Friday, May 28, 2004

Jon Meacham is lost in the details while he tries to teach Bush the “true” lessons from Churchill and FDR. I just do not get it. Meacham criticizes Bush for taking too simplistic and selective an approach to historical lessons, but then does much the same himself.

First, he assumes “…no doubt that the early returns on Bush’s war leadership are troubling.” Meacham may be doubtless troubled, but I doubt that everyone doubts the returns of Bush’s leadership. But that doesn’t stop Meacham from supporting his troubled argument with doubtful anti-Bush claims:

“Despite the administration's claims, there is still no convincing evidence of Iraqi ties to terrorism; no weapons of mass destruction have been found; we have not been greeted as liberators, and more Americans have died in Iraq since Bush prematurely declared victory aboard the USS Abraham Lincoln a year ago than had died there before. So the president has a learning curve to master…” Come now Meacham, no weapons of mass destruction? And no ties to terror? Sure, the evidence of terror ties maybe circumstantial, but what are we trying to do, sue them or defeat them. And I recall many Iraqis celebrating the overthrow of Saddam. The fact that life has to go on beyond that celebration (admittedly curbed by the threat of terror) does not invalidate it. And Bush rightly declared the end of major military operations in Iraq in a speech that correctly marked the end of the Baathist government and the beginning of the reconstruction. If that’s too subtle a point for Meacham to understand, it’s not Bush’s fault.

When Meacham tries to point out differences in planning and events between WWII and The War on Terror, he choose petty and doubtful examples:

“…and the landings on the Normandy coast 60 summers ago were the result of years of thought, planning and debate—endless, frustrating, face-to-face arguments among the British, the Americans and the Soviets.” Implying that the Iraq invasion was an impromptu response. But after Bob Woodward’s book, I thought the left now has been criticizing Bush for planning the invasion of Iraq well before 9/11? Regardless of Woodward’s claim, the discourse on an Iraqi invasion was publicly underway shortly after 9/11, a year and half before the invasion.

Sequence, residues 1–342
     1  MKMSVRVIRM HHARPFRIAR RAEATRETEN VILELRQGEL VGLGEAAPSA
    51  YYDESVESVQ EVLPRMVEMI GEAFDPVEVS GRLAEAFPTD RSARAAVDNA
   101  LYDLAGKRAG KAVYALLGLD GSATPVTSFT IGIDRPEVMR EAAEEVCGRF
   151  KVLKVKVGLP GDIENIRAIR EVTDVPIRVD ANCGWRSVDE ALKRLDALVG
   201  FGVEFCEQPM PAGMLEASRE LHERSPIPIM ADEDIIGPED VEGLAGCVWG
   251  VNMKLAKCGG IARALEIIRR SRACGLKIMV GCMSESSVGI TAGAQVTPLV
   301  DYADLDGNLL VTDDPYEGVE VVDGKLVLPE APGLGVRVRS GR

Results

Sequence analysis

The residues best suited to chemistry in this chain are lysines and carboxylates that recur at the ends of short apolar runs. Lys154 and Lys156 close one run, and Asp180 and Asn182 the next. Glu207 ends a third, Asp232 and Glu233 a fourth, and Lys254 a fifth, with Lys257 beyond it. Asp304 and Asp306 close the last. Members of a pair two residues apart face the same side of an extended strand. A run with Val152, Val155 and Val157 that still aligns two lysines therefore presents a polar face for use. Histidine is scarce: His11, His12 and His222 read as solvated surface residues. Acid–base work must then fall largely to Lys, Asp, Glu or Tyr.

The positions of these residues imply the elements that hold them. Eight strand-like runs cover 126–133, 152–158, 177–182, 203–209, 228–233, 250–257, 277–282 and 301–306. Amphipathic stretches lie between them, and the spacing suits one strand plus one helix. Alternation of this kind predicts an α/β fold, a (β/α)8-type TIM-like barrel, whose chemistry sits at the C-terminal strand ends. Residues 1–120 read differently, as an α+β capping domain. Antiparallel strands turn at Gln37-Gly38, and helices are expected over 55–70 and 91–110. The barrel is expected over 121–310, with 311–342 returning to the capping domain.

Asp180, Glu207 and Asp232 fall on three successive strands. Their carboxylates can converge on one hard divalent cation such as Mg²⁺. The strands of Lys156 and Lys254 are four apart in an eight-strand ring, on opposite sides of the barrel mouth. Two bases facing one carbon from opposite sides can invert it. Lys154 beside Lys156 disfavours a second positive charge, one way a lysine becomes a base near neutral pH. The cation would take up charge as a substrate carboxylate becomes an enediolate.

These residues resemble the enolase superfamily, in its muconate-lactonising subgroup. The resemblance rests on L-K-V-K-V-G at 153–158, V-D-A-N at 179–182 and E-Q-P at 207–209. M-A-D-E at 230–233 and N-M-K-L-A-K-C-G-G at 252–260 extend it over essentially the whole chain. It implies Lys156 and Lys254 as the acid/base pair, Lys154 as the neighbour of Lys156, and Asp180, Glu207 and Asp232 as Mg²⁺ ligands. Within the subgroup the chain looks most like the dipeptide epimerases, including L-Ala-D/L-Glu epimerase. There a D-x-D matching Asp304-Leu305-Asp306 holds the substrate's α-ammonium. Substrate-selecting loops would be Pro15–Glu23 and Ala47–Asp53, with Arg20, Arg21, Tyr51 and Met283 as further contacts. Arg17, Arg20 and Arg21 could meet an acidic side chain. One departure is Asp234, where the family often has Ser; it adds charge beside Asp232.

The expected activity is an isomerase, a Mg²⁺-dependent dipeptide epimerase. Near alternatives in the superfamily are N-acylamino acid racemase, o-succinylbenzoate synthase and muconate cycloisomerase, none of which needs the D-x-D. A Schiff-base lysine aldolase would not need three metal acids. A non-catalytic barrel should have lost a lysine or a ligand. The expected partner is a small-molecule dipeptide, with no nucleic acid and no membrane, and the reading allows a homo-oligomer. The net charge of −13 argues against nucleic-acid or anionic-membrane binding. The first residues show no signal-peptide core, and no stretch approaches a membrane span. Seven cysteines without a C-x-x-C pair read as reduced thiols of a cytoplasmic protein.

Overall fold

And then this assertion: “The British people can face peril or misfortune with fortitude and buoyancy. But they bitterly resent being deceived or finding that those responsible for their affairs are themselves dwelling in a fool's paradise." Of course, this assumes that Bush new the WMD claims were bogus and went on with it anyway. Personally, the fool’s paradise I see was from the previous administration which thought that serious action against terrorism wasn’t necessary and that the U.S. could be everyone’s friend.

“Acknowledging error is not weakness; it can be wise statecraft. ‘It is common sense to take a method and try it,’ Roosevelt said. ‘If it fails, admit it frankly and try another. But above all, try something.’ Churchill is great not only because he refused to give in to Hitler but because he understood the art of alliance.” All of which, applies to Bush. He’s not averse to changing tactics or methods to achieve a goal – though he knows better than to feed a frenzied press needless apologies. Perhaps one of his greatest mistakes as president was to admit that the 16 words in his 2003 SOTU address were a mistake.

This nitpicking only has traction if you believe the occupation to be a disaster, which is a misunderstanding itself when you ask the historical question: compared to what?

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